Politics isn't rocket science, to the eternal detriment of the egos of pundits and consultants. It's just math: get more of the folks who will vote for your candidate to the polls, and you win. In Virginia on Tuesday, a race that was expected to be a blowout wasn't, for the simple reason that, one, incumbent Sen. Mark Warner's (D-Va.) political scientists didn't get his people to the polls and, two, that the people who did go were less likely to vote for the Democrat.

(Warner currently leads by 0.8 percent and has declared victory, but Republican Ed Gillespie isn't conceding yet and might request a recount.)

The map below shows the drop-off in turnout for each county and city in Virginia between 2012 and 2014. Every county saw a drop, but certain (bigger) counties saw a much bigger one.

The drop, particularly in the Northeast, overlaps with where much of the Democratic growth in the state has been over the last decade.

Stephen Hanna of the University of Mary Washington created the map below as part of a research project by Stephen Farnsworth, Stephen Hanna and Benjamin Hermerding. It contrasts the shift in the vote for Mark Warner between 2001, when he became governor, with his vote in 2014. The swollen blue areas were more likely to vote for Warner over the span of 13 years -- but also overlap with the areas where turnout dipped the most.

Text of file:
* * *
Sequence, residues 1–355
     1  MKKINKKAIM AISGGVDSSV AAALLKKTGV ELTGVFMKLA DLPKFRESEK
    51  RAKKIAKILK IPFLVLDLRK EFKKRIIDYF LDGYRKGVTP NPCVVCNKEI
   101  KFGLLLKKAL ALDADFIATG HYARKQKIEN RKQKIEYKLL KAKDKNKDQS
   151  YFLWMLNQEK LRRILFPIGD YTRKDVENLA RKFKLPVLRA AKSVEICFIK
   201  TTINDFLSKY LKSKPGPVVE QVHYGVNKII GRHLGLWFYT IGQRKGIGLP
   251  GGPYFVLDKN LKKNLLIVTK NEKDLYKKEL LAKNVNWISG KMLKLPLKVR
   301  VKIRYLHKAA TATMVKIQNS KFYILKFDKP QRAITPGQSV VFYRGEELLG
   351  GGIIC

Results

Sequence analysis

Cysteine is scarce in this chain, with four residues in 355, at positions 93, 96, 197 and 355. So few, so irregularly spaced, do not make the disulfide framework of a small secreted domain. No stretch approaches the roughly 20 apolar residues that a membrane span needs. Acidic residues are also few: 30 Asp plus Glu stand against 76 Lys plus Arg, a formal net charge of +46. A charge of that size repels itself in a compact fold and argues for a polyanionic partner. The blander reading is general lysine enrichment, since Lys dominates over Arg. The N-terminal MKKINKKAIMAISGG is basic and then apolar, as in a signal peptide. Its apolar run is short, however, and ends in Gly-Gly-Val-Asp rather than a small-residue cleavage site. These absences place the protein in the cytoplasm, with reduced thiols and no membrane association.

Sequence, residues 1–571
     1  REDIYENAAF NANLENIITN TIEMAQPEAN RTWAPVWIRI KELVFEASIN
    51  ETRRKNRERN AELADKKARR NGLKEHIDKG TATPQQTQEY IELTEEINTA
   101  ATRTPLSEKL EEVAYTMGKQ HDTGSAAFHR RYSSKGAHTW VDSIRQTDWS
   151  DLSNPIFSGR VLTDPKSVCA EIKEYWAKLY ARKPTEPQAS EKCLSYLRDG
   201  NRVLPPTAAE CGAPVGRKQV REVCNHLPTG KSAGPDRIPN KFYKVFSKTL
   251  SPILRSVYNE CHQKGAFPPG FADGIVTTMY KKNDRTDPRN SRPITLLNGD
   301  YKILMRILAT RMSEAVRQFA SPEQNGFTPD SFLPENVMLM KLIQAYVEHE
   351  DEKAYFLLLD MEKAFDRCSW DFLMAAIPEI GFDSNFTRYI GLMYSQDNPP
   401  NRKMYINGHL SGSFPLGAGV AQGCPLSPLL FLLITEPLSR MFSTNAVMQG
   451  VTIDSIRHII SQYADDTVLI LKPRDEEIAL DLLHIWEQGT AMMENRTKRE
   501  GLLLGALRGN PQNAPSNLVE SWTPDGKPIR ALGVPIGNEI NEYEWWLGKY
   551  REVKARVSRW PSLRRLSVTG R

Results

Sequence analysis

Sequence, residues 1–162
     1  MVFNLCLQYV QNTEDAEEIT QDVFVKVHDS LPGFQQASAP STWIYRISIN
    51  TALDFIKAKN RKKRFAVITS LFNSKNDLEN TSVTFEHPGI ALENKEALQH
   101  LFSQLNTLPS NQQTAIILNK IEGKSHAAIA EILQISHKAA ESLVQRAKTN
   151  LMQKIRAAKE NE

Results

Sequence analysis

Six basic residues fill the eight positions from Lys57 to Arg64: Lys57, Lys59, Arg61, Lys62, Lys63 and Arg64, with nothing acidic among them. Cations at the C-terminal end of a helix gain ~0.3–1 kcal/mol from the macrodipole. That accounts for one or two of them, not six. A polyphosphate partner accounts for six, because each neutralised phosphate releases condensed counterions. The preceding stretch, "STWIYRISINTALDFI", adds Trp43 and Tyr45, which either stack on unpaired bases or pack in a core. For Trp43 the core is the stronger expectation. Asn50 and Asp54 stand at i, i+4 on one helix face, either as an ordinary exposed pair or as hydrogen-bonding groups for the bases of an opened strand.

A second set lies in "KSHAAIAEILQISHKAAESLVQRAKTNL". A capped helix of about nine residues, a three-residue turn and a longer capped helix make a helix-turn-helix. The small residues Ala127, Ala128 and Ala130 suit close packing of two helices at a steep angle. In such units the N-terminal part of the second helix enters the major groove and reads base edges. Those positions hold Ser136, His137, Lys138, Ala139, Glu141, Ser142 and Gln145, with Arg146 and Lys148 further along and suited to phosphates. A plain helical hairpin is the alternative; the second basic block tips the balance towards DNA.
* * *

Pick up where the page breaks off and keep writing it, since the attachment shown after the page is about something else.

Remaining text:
To put a fine point on it, those areas voted more Democratically in the 2012 election than the country on the whole. (The data here shows vote margin relative to the national split between Obama and Romney.)

If you compare the turnout drop with the 2012 vote directly, Warner's problem is obvious. The dashed line below shows the general trend, but the second tab shows the dramatic plunge.

There's a bit of a chicken-and-egg problem with turnout. When you compare how Warner did in Virginia counties with how Tim Kaine (D) did two years ago, 98 of Virginia's counties and cities voted more Republican than in 2012. Only 38 voted more Democratic. That's in part because Democrats stayed home, but might also be because Warner had softer support. If you look at counties and cities in which Warner beat Ed Gillespie (R), even counties Warner won had shifted to the right. As Farnsworth, Hanna, and Hemmerding put it: "The sea of rural blue that Warner enjoyed in 2001 has been replaced by deep red Republican sentiments. Rural voters who once backed him are now far less likely to split their tickets."

But that second tab! Turnout dropped in Warner counties almost twice as much as in Gillespie counties. And as any rocket scientist can tell you, contests based on simple arithmetic get a lot closer when one side's numbers start to drop.